The plot of the new film has promise: Lord Blackwood, who has killed several young women in occult sacrifices, is caught by Holmes and Watson and put to death, but seems to return from the dead to finish his plans to use the dark arts to conquer England and the world. Downey, though far fitter than any other Holmes I've seen (I have missed Jeremy Brett's TV portrayals, which many fans like more than the Rathbone movies), is a little too eccentric for my taste. Yes, Holmes was an odd duck, but Ritchie has not bothered to tone down Downey's twitchy intensity, which actually worked well for him in making Iron Man stand out a bit from the superhero crowd. Still, Downey (above) is not the main problem. Neither is Jude Law (below) who is quite wonderful as Watson and even manages to subtly steal some scenes from Downey with his reaction shots.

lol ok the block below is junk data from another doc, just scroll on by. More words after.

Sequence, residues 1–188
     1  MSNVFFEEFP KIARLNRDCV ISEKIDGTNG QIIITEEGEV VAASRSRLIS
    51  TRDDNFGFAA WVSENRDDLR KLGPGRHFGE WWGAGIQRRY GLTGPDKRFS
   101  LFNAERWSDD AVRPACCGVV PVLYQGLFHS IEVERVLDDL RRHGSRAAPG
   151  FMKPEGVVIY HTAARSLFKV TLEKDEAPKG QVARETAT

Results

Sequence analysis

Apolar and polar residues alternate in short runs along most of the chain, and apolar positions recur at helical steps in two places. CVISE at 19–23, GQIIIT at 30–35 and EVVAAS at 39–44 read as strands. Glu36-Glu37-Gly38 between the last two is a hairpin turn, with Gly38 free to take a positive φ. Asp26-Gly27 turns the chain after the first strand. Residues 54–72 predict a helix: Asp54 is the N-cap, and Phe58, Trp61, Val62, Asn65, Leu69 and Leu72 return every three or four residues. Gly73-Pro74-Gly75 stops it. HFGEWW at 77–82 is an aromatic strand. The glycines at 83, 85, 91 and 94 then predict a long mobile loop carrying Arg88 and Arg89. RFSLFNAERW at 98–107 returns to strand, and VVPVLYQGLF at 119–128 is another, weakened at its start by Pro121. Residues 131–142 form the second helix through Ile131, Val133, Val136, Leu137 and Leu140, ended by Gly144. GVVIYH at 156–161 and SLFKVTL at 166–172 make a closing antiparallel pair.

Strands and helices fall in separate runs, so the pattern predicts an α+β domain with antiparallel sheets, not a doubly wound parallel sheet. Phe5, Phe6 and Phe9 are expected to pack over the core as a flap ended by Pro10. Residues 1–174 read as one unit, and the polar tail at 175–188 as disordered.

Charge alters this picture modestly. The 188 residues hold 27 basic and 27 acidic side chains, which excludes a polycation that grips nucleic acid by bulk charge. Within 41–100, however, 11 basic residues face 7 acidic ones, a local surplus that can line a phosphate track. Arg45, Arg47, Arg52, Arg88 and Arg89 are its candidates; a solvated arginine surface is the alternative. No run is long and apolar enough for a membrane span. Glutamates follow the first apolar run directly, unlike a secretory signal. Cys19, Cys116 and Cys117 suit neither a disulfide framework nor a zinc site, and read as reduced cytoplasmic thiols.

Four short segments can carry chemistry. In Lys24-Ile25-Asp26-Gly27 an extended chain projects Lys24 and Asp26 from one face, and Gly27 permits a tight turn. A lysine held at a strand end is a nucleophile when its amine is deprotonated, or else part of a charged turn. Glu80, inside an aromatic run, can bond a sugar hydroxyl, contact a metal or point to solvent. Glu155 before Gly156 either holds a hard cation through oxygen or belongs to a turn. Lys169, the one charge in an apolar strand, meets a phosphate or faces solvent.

The real problem is the use of the computer in the film's look and style. This is yet another movie with a grungy gray color-leached palette, lots of computer-generated fog and smoke, artificial fast- and slow-motion fight scenes, and wildly improbable and very artificial looking set pieces involving CGI structures and a vertigo-inducing swooping camera. None of these things is necessarily bad, used in moderation and for particular effects, but we get an overdose of them here, at the expense of dialogue and character. Downey and Law work well together, and there is an occasional good witty exchange, but fistfights, body blows, pistol shots, and concussions (and all the rollercoaster Dolbyized noise and vibrations that go with them) are the rule here, so for the climax to be climactic, Ritchie has to go all X-Men and Spider Man on us, and the last 15 minutes or so, set on the unfinished Tower Bridge, are just dreadful. The movie is also, in general, badly directed; many scenes look off-center or framed on the fly, with more attention paid to the fast editing of the action scenes than to coherent dialogue scenes.